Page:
National Pollinator Week is June 19-25. It’s a time to celebrate pollinators and spread the word about what you can do to protect them. At the Co-op, we’ll be focusing on the many products brought to us through pollination.

  • What do pollinators mean to the food industry?
  • Worldwide, approximately  1,000  plants  grown  for  food,  beverages,  fibers,  spices  and medicines need to be pollinated by animals in order to produce the resources on which we depend.
  • Foods  produced  with  the  help  of  pollinators  include  apples,  strawberries,  blueberries, chocolate, melons, peaches, figs, tomatoes, pumpkins, and almonds.
  • In  the  United  States,  pollination  by  honey  bees  and  other  insects  produces  nearly  $20 billion worth of products annually!

What can you do for pollinators?

  • Create a pollinator friendly garden habitat in just a few simple steps.
  • Design your garden so that there is a continuous succession of plants flowering from spring through fall.  Check for the species or cultivars best suited to your area and gradually replace lawn grass with flower beds.
  • Plant native to your region using plants that provide nectar for adults plus food for insect larvae, such as milkweed for monarchs.  If you do use non-native plants, choose ones that don’t spread easily, since these could become invasive.
  • Select old fashioned varieties of flowers whenever possible because breeding has caused some modern blooms to lose their fragrance and/or the nectar/pollen needed to attract and feed pollinators.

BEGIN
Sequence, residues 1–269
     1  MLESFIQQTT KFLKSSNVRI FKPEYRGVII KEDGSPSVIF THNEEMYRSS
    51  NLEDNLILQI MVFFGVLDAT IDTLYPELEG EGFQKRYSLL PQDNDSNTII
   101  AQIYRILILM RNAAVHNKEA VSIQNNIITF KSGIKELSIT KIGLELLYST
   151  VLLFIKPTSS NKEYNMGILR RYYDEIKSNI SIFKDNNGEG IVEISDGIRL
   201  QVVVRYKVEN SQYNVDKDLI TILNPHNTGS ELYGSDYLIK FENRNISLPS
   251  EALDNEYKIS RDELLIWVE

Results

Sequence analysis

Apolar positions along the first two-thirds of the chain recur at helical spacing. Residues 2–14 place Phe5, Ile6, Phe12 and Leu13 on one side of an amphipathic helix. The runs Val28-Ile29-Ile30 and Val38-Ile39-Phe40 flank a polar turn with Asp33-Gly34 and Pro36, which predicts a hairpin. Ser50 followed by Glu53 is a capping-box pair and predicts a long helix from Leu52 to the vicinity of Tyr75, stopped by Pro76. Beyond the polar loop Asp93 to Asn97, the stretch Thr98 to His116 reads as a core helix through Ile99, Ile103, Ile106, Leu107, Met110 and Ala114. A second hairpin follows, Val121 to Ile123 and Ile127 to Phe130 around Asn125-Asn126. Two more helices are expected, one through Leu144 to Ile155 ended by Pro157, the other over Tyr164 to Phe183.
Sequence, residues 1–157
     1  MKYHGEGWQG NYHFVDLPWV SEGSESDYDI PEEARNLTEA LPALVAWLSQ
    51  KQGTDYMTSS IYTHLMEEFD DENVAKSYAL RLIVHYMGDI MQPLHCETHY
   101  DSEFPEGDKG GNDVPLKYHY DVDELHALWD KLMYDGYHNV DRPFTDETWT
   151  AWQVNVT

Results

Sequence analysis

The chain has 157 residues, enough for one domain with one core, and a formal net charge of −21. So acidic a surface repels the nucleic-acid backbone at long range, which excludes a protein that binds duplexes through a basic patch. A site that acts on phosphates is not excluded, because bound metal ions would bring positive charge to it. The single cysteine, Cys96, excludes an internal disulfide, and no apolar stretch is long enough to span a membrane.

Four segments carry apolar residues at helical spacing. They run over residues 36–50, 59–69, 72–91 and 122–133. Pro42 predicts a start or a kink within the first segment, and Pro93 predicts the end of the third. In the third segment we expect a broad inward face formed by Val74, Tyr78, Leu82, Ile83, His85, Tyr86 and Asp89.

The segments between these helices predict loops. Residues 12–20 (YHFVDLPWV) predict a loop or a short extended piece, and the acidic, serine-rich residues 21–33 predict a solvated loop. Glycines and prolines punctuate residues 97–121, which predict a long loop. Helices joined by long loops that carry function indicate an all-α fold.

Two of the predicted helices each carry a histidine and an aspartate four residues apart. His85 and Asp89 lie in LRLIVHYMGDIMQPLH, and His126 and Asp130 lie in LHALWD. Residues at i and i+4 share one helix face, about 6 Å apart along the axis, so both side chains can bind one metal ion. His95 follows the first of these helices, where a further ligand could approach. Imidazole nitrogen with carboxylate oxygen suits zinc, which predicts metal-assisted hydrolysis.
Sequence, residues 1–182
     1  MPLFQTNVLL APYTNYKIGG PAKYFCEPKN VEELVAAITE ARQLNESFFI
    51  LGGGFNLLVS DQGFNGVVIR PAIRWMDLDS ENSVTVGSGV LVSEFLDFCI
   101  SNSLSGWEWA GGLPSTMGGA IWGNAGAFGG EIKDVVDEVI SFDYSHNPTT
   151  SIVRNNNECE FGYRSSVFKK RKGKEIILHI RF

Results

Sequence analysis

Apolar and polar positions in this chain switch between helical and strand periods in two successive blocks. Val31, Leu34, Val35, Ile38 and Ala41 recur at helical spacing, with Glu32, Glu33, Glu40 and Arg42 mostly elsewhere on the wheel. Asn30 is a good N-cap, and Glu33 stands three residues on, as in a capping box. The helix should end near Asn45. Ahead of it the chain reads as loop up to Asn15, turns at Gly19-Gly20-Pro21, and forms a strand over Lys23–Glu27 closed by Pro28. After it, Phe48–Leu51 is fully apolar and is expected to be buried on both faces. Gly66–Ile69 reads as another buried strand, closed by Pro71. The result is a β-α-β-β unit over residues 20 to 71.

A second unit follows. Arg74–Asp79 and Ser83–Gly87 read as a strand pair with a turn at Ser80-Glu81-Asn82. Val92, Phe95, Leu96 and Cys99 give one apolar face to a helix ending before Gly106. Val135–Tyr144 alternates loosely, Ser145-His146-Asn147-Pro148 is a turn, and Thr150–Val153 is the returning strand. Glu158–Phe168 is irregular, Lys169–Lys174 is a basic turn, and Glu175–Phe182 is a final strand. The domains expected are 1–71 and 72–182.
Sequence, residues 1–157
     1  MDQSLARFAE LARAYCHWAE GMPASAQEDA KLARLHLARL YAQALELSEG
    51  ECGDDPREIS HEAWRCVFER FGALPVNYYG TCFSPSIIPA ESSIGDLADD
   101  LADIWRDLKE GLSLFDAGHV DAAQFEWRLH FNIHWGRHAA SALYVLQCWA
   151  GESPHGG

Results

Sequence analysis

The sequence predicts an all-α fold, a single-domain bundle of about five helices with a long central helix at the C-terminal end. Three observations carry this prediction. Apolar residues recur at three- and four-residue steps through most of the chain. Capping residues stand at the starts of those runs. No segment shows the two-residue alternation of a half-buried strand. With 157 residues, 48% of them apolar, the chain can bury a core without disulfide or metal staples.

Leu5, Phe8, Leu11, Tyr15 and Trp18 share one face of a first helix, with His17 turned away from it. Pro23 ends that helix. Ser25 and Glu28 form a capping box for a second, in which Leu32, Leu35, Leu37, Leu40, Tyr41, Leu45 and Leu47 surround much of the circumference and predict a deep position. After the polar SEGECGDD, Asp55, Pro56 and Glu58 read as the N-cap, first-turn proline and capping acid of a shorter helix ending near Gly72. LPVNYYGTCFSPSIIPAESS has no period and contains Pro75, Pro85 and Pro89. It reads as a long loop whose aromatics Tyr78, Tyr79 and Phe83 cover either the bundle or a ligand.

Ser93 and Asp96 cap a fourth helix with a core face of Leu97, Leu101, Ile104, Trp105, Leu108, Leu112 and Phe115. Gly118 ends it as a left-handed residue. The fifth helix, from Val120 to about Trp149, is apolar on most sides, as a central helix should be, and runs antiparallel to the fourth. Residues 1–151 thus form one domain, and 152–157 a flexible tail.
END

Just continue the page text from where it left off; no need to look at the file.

• Install ‘houses’ for bats and native bees.  For example, use wood blocks with holes or small open patches of mud.  As little as 12” across is sufficient for some bees.
  • Avoid pesticides, even so-called “natural” ones such as Bacillus thuringiensis (Bt).  If you must use them, use the most selective and least toxic ones and apply them at night when most pollinators aren’t active.
  • Supply water for all wildlife.  A dripping faucet or a suspended milk carton with a pinhole in the bottom is sufficient for some insects.  Other wildlife need a small container of water.
  • Provide water for butterflies without letting it become a mosquito breeding area.
  • Refill containers daily or bury a shallow plant saucer to its rim in a sunny area, fill it with coarse pine bark or stones and fill to overflowing with water.
  • Share fun facts, such as a tiny fly (a “midge”) no bigger than a pinhead is responsible for the world’s supply of chocolate; or one out of every three mouthfuls of food we eat is delivered to us by pollinators.

Reprinted by permission from Pollinator Partnership. Learn more at